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Need help Identifying this tree...

Posted by JagerKing OHIO (My Page) on
Tue, Jul 15, 14 at 18:19

Can anyone help identify this tree?? Can't give much info, other that it can grow in Ohio.


Follow-Up Postings:

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RE: Need help Identifying this tree...

Need a close up, but it almost looks like a rather contorted silver maple.


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RE: Need help Identifying this tree...

Definitely need a close up, but the form is reminiscent of "twisty baby" locust. Under good conditions this variety can grow larger than advertised.


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RE: Need help Identifying this tree...

  • Posted by beng z6 western MD (My Page) on
    Wed, Jul 16, 14 at 8:35

Without a better pic, it does look like black locust -- a very nice specimen if so.


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RE: Need help Identifying this tree...

  • Posted by bboy USDA 8 Sunset 5 WA (My Page) on
    Wed, Jul 16, 14 at 17:16

Contorted black locust.


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RE: Need help Identifying this tree...

After some research, I'm still unsure about the difference(s) between contorted black locust ('Tortuosa') and 'Twisty Baby' (aka 'Lace Lady') - the two may be quite similar in habit as they mature. Dirr (Manual of Woody Landscape Plants) says about Twisty Baby, "(I have) observed 20 to 30' high plants; also quite fast-growing, grew 30' high at Milliken Arboretum in about 12 years." Dirr also says that Twisty Baby does not flower but Tortuosa does.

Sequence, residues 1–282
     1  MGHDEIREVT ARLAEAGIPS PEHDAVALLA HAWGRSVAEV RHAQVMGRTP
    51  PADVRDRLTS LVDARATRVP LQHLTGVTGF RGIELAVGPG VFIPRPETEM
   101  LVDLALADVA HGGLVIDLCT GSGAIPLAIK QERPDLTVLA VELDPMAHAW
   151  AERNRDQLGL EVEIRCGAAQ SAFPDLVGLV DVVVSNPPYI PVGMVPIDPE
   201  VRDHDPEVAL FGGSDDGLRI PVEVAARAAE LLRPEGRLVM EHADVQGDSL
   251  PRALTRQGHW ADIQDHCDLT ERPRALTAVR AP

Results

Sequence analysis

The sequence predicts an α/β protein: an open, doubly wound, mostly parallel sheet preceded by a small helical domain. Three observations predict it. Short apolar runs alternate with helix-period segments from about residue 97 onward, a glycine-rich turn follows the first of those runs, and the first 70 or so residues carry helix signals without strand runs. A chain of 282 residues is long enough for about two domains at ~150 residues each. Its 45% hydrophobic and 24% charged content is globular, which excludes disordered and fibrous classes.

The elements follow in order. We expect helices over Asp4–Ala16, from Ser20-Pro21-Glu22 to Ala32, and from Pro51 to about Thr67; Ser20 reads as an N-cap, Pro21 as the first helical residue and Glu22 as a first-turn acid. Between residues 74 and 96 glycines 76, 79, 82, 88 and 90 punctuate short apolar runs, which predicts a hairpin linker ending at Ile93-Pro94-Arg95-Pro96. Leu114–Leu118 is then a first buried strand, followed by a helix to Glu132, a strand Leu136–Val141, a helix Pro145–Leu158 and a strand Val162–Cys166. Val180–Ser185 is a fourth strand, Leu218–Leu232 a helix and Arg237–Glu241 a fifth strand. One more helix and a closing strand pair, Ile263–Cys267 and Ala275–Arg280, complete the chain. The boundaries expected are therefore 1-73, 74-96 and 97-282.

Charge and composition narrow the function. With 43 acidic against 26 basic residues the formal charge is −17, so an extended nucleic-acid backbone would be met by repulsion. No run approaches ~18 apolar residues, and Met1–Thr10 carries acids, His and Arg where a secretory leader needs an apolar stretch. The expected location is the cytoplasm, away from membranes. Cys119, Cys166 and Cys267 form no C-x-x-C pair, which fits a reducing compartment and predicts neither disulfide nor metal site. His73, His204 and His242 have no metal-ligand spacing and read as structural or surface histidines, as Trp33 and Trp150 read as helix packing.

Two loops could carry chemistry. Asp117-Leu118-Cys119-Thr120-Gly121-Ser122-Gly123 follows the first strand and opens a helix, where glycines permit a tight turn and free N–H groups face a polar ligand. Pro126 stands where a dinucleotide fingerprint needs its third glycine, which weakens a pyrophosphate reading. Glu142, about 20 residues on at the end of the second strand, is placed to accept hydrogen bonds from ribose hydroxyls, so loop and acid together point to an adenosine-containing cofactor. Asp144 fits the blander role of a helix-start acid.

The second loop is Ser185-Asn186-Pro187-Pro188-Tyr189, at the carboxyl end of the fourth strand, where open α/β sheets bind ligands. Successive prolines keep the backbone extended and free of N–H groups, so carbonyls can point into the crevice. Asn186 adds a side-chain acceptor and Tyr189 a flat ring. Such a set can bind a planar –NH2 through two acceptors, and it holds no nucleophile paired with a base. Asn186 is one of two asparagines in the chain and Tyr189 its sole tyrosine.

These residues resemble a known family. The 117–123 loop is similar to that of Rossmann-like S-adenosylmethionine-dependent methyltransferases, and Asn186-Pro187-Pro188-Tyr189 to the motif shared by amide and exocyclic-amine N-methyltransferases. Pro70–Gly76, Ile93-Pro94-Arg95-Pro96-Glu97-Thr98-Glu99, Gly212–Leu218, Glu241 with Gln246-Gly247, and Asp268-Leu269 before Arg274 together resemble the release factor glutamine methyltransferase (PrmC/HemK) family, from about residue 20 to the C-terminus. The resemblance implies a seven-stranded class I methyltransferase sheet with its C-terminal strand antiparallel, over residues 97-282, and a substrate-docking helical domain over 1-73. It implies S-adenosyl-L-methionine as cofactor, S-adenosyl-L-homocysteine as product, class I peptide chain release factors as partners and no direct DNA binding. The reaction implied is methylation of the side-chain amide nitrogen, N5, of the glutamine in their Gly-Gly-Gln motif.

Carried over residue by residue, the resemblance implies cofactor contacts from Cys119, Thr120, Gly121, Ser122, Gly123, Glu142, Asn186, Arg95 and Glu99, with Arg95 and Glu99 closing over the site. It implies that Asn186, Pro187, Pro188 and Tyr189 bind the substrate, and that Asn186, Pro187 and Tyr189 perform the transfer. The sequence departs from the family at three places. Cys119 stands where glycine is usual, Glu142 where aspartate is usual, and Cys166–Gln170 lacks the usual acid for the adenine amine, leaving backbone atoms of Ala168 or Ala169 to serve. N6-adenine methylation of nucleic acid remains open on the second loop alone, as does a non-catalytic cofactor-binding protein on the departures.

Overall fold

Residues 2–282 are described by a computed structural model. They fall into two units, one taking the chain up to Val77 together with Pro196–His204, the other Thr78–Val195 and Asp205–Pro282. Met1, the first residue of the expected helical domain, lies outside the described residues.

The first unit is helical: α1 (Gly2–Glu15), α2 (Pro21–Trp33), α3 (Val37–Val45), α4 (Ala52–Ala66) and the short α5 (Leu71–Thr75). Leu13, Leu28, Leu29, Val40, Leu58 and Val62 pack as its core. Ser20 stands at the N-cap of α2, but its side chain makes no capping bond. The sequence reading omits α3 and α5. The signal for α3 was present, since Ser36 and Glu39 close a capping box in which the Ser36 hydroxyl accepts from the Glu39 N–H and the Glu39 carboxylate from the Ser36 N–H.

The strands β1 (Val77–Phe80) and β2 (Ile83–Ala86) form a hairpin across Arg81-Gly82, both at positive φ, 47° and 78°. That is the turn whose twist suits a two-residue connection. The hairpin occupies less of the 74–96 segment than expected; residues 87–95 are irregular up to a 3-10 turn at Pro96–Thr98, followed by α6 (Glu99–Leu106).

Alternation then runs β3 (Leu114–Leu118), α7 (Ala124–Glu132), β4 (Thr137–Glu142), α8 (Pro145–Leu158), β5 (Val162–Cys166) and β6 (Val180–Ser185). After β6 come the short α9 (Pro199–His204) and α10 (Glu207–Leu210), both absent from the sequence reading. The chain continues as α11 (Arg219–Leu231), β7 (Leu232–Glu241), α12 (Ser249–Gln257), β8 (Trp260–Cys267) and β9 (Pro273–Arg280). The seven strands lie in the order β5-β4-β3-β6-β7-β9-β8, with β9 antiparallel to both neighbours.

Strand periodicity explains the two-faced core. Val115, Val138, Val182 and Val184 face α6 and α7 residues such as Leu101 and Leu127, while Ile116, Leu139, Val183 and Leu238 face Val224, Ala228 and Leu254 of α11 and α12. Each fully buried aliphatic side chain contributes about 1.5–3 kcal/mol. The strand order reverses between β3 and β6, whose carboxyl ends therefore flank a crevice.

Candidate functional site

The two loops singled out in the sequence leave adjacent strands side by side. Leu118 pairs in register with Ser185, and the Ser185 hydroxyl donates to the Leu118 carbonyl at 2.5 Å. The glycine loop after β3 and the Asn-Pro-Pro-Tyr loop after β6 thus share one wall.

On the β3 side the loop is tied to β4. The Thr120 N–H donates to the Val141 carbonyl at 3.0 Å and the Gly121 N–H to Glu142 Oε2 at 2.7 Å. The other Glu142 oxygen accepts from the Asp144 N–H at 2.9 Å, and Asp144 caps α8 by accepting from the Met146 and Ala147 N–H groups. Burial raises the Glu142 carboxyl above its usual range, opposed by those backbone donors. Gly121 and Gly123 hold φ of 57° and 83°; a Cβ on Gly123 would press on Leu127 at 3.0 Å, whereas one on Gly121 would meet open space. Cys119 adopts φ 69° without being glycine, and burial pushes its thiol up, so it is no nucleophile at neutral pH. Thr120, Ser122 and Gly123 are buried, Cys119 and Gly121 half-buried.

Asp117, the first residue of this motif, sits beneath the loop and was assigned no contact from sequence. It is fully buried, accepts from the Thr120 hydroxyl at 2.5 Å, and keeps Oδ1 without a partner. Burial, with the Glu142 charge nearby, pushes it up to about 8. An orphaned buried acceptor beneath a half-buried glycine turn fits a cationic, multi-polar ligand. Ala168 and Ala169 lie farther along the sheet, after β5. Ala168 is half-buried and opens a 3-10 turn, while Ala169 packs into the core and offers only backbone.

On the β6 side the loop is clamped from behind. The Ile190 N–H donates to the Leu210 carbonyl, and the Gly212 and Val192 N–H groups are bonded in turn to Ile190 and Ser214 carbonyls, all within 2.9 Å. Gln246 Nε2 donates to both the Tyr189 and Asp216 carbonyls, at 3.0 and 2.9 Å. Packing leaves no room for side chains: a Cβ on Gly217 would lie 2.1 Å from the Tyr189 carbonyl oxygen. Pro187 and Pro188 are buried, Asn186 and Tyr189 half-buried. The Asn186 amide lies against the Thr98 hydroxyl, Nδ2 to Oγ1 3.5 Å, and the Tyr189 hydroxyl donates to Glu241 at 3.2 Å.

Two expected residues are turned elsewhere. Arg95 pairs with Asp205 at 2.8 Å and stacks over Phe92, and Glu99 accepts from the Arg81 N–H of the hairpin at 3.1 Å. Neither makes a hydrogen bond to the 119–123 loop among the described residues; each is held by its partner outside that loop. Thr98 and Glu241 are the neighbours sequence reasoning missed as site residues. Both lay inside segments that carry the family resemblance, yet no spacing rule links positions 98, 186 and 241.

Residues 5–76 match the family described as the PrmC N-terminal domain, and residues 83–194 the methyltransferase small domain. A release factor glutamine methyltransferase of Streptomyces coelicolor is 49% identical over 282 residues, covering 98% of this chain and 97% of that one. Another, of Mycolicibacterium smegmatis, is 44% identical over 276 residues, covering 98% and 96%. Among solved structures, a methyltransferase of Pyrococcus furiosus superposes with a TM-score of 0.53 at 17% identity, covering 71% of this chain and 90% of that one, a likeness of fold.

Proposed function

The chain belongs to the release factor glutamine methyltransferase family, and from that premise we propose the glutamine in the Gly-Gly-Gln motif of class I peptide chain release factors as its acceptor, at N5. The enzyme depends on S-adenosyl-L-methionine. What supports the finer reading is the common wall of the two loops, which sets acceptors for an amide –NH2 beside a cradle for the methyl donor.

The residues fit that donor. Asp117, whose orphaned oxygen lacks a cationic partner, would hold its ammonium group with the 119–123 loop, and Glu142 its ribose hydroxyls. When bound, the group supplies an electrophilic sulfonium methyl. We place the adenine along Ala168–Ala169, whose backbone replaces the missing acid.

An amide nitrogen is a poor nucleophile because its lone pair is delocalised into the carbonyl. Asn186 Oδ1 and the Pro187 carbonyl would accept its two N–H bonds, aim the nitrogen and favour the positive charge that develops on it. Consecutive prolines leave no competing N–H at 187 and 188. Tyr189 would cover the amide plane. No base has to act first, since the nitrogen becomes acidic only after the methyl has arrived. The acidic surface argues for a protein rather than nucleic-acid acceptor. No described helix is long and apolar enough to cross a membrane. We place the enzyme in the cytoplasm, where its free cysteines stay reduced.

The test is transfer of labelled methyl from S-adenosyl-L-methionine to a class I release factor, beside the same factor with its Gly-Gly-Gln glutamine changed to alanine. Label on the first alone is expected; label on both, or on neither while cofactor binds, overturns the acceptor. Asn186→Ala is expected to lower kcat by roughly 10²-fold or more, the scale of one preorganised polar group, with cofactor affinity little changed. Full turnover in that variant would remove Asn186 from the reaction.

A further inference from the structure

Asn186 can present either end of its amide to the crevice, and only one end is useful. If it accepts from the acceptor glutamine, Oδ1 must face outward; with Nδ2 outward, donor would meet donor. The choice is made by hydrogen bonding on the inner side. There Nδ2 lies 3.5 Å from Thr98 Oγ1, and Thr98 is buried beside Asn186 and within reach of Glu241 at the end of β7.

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RE: Need help Identifying this tree...

  • Posted by beng z6 western MD (My Page) on
    Fri, Jul 18, 14 at 9:23

Need a trunk and/or leaf closeup to verify.


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RE: Need help Identifying this tree...

  • Posted by ademink z5a-5b Indianapolis (My Page) on
    Fri, Aug 8, 14 at 12:53

I will tell you that 'Twisty Baby' is a baby-maker! lol I have suckers popping up DOZENS of feet away from the mother tree. I'm ready to cut it down!


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RE: Need help Identifying this tree...

  • Posted by bboy USDA 8 Sunset 5 WA (My Page) on
    Fri, Aug 8, 14 at 13:40

The suckering is likely to be from black locust seedling root-stock.

'Tortuosa' is more compact and narrow in growth. And older, having been on the market since at least the 1850's - whereas the new one really wasn't around even 20 years ago. Marketed initially as a dwarf shrub, apparently on the basis of specimens restrained by containers it was soon seen to often shoot right up when planted in the ground, to form a vase-shaped tree of normal density, tending to branch low. Whereas 'Tortuosa', as represented around here is often a sort of reduced size version of a mature black locust, with a see through top - a "bonsai tree" that may have been in place many years without breaking out of the 15-35 ft. size range.


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